When the international book-building offer closes tonight, the shares are expected to be priced at below 230p, compared with the 180-280p range set by the Government and its advisers, BZW. This means that proceeds from the flotation may fall as much as pounds 600m short of the Government's original forecasts.
The public offer closed on Wednesday two-and-a-half times subscribed with 610,000 applications for 440 million shares, compared with the 183 million initially set aside for private investors. As a result, the allocation to the public offer will rise from 30 per cent to around 50 per cent, including shares that investors can apply for in the retail tender.
The Government had hoped that the level of oversubscription in the public offer and the consequent clawing back of shares from the international offer would produce a late rush of bids from institutions anxious to ensure they were allocated sufficient stock. But this has failed to materialise. The Government's advisers said the book had continued to build from day one of the international offer, when it was fully covered at 200p-230p, but the price would not go any higher than that.
Amir Eilon of BZW rejected suggestions that the institutional response had been poor, saying: "We have had interest from high-quality institutions around the world."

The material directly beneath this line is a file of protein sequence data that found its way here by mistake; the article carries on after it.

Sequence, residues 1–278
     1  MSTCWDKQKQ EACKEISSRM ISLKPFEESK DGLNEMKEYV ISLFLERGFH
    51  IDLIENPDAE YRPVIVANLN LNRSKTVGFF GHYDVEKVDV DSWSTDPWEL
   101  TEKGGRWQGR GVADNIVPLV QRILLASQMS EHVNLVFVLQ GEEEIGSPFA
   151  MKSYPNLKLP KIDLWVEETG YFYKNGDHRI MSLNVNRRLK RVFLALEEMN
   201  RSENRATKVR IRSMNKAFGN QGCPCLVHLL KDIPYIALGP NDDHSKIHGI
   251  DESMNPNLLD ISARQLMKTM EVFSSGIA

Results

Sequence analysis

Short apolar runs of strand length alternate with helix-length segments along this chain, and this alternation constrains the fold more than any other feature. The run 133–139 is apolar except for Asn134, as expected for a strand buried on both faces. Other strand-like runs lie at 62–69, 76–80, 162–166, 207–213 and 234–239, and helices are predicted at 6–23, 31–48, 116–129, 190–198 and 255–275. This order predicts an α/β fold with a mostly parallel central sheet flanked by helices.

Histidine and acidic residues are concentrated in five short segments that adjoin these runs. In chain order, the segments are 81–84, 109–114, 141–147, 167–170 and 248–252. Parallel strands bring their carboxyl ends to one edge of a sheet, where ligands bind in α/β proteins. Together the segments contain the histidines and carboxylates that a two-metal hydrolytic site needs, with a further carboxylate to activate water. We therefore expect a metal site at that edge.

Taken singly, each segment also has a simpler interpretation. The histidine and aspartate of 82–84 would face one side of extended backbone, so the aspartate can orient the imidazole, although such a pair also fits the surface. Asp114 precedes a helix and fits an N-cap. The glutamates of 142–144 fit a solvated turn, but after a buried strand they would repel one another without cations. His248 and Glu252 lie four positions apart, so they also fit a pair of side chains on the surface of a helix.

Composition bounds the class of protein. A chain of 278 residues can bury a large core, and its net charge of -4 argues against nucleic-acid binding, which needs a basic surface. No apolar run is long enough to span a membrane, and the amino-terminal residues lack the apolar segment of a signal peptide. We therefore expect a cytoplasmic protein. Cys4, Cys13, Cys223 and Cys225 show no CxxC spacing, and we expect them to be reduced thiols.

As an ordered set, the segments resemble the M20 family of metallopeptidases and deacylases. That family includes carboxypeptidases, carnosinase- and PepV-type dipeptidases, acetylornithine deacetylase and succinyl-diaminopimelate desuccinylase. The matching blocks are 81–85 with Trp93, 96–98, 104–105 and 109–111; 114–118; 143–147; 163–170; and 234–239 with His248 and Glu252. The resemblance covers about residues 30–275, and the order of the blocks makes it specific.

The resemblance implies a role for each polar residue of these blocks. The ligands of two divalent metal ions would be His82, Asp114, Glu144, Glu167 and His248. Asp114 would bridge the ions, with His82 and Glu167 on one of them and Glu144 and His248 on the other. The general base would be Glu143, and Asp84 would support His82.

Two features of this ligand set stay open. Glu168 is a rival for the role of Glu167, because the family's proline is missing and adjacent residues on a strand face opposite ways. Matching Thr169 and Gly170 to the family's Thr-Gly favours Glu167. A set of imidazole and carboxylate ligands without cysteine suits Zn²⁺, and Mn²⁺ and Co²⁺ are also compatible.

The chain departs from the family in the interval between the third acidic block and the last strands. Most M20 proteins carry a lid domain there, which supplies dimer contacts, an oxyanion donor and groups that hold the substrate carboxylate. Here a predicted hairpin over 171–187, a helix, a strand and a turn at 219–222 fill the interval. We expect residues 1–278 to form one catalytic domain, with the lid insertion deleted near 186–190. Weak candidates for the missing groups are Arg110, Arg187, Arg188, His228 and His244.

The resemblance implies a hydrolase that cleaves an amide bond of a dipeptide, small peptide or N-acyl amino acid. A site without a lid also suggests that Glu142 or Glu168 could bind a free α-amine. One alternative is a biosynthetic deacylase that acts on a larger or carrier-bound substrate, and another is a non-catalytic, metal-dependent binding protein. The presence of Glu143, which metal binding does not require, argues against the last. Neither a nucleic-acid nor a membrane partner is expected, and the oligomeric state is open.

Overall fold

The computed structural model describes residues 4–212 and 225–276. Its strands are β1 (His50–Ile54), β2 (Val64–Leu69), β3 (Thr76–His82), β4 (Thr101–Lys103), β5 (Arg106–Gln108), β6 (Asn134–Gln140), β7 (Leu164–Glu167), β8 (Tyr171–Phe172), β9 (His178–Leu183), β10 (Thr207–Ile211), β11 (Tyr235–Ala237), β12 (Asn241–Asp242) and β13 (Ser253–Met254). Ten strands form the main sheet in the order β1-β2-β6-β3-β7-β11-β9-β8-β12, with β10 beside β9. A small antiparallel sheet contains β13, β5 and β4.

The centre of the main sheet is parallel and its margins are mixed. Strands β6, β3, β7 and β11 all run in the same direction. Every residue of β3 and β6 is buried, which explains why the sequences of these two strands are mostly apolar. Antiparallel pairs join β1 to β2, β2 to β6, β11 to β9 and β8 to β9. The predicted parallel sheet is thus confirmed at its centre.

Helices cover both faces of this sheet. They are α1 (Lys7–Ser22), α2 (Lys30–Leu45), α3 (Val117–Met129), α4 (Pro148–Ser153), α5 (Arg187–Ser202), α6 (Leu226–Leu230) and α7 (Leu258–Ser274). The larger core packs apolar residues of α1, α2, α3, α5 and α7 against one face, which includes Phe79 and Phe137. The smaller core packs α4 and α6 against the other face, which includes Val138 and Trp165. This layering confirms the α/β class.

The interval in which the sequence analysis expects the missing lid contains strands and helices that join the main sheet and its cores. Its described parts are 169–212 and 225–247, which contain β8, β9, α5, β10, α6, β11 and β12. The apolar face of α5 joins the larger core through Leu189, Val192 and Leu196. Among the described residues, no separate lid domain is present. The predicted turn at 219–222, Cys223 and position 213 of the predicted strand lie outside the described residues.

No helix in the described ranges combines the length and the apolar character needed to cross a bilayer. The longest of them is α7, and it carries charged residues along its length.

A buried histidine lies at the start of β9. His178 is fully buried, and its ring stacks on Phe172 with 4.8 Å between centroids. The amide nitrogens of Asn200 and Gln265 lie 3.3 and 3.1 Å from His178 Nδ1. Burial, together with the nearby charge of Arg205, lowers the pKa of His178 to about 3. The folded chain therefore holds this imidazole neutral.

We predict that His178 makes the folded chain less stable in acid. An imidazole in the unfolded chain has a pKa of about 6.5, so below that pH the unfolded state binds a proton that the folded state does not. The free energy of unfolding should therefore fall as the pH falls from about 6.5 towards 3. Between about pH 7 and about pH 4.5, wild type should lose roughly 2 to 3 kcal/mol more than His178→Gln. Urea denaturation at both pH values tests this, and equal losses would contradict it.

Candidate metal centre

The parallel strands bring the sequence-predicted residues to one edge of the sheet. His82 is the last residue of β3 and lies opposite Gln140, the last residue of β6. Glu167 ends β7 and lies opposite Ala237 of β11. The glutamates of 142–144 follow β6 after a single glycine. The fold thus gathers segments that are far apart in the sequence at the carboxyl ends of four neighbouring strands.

Although the shutdowns of the Hinkley Point B reactor in Somerset and Hunterston B in Ayrshire for checks on faulty welds were not announced until after the public offer had closed at Wednesday lunchtime, the Government's advisers said there had not been a deluge of protest calls. "We were expecting a certain amount of response from private investors, but it has not materialised."
Together with the 5p discount on the first instalment and the two dividends being paid in the first year, private investors are looking at a 22 per cent yield on the partly-paid shares.
Even with the extra allotment of shares to the public offer there will need to be a scaling down of allocations because of the level of demand. The shares are due to start trading on Monday.
The two stations are expected to be closed for a fortnight, resulting in a pounds 6m loss to British Energy. Both had already been running at half capacity because of repairs to the other reactors.Reuse content